They also brought us to a ship wrecked barge from the 80s – anyone ballsy enough could swim into the barge and take a look, but none of us had the lung capacity. Our guide demonstrated for us though!

All in all, it was a pretty spectacular experience and, once again, my camera fared well! I would definitely recommend doing the full day, but pay the extra BZ$20 to do it on the catamaran. Also, watch out for the photobombing fish!

Back on dry land, we stopped for a drink at the Lazy Lizard. We had heard a lot about this bar – it’s on “the Split” between the north and south islands. The atmosphere is totally relaxed – RAG week day drinking in the sun (with beautiful tanned people) kind of feel. You can swim from their deck across to the other island where they have small Tarzan swings into the water. The current looked pretty strong when we got there and we were bate from a days snorkeling so decided against it. The drinks were pretty expensive (BZ$20 for a cocktail, BZ$6 for rum and coke) so just left it at one.

Next on the agenda was lobster dinner on the beach front in La Cubana. It was BZ$25 for a BBQ lobster with three sides (including potato!!) and four rum and mixers – sure you’re making money! It was pretty damn tasty, but I was left hungry after it -there isn’t a crazy amount of eating in those lobster. We were also joined by a little crab who ventured in off the beach and tried to climb over my foot. Probably not the smartest move on his part considering we were in a shellfish restaurant…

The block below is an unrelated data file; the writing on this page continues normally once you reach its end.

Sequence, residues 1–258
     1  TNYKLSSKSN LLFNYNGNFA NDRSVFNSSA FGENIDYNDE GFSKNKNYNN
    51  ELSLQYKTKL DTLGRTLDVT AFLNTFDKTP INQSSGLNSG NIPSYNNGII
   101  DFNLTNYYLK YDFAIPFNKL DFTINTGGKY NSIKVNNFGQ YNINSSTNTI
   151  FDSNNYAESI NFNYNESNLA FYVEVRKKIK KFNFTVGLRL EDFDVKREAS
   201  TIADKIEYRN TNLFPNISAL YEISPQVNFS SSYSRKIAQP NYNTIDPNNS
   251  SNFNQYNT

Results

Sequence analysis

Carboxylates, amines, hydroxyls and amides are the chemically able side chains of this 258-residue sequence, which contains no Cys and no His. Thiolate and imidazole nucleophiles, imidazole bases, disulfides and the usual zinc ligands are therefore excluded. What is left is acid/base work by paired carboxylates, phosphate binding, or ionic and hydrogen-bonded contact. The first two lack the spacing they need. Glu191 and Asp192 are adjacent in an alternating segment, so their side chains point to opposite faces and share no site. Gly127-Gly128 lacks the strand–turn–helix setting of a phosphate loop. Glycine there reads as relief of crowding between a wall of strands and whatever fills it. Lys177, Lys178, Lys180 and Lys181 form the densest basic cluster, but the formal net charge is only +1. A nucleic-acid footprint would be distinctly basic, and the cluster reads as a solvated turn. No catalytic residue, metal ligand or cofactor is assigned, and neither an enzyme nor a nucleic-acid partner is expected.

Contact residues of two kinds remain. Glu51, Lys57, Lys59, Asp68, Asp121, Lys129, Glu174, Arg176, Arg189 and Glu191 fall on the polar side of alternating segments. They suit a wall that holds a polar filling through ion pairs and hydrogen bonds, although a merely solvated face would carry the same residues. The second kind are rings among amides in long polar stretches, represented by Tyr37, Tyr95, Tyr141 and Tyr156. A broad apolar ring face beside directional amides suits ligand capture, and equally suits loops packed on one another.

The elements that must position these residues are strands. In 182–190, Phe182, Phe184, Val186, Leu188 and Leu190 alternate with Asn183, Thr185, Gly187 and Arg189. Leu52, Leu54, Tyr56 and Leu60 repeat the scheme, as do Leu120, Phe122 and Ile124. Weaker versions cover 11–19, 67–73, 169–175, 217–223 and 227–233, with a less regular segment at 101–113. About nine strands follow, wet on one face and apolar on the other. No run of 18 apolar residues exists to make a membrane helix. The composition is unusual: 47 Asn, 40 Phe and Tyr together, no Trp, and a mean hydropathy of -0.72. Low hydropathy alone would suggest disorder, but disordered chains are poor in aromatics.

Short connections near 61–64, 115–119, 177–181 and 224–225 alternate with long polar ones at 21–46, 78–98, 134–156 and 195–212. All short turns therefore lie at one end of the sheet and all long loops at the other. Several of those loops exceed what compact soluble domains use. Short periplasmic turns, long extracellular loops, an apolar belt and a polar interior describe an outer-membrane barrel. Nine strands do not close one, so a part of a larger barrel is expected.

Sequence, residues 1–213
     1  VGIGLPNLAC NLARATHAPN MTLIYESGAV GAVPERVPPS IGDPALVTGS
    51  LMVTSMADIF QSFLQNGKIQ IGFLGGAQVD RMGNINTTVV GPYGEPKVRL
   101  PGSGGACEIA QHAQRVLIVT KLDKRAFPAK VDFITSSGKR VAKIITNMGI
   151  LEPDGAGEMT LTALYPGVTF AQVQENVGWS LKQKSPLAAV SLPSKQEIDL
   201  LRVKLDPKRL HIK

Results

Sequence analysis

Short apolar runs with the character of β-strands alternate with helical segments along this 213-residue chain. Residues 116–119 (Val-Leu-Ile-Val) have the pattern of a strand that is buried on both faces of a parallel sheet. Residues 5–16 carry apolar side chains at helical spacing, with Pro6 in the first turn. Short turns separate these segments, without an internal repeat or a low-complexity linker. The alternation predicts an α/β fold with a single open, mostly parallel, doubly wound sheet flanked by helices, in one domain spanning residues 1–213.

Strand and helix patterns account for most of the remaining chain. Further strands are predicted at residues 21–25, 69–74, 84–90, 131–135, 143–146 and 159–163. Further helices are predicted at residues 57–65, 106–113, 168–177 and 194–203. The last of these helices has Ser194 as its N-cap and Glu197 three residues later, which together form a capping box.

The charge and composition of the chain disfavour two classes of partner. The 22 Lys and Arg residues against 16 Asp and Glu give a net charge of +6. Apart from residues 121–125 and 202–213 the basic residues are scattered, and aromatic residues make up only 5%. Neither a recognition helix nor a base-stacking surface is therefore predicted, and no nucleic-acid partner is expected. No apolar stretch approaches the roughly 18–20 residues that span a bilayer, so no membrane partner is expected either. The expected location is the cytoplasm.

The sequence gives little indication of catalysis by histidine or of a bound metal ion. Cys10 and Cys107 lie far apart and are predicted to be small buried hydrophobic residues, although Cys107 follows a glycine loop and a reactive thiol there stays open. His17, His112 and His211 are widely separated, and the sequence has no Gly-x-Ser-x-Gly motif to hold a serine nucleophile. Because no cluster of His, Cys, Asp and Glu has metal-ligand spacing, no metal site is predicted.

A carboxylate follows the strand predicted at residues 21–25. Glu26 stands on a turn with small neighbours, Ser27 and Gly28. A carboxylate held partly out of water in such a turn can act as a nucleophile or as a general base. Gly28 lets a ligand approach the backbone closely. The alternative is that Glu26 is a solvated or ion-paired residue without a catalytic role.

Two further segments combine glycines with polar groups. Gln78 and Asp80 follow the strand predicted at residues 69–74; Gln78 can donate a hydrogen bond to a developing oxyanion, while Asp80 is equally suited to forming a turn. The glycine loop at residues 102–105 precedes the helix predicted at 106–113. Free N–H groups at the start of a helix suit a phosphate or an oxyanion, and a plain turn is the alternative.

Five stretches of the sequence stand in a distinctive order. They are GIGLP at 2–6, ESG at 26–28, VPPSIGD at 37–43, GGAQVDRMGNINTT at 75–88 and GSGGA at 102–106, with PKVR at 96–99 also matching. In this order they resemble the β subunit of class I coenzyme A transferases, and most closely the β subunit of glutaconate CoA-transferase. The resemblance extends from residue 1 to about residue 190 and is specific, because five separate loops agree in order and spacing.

We finished out our night quietly with our snorkeling buddies, the Saffas and a bottle of rum for good measure. I’m not sure was it the rum or my Irish charm, but I somehow convinced our new German buddy, Mathias, that he should shorten his name to Matt, to which he obliged. I then took it a step further and said “Sure ‘Matt’ is practically ‘Carpet'”. I woke up the next morning to a Facebook friend request from, you guessed it, ‘Carpet’…!!

The next day we planned to head for San Ignacio, but dark clouds were rolling in and the heavens opened for the entire day. At one point, we thought the water was going to come in under the door. Luckily the breaks between the thunderstorms alleviated the flooding and we got away with it. It wasn’t a bad way to spend a hangover day though, the air is much cooler during the thunderstorms! Because of the constant rain threat we kept dinner as close to the hostel as possible and ended up eating in a restaurant beside La Cuban which turned out to be nicer, cheaper and more filling than the previous nights. We settled in for a night of thunderstorms and watched the season premiere of The Walking Dead and camomile lotion/fucibet application.

The next morning the sky’s were clear so we made a move for San Ignacio. We got our return ferry trip back to Belize City, where Anita and I had a tearful “See ya later” – I was full sure I’d have convinced her to stay at this point.

We walked 10 mins to the bus station where an old American school painted in rastifarian green, red and yellow was waiting to depart. It cost us BZ$8 each – a huge saving from the US$20 quoted from the ferry.

Travel Days: 19 – 21

Location: San Ignacio, Belize

Accomodation: Chaltunha Hostel, BZ$24 pp/pn

After a two hour bus ride we arrived in San Ignacio. It’s a small and compact town with a few hostels and guest houses scattered around the three or four main streets.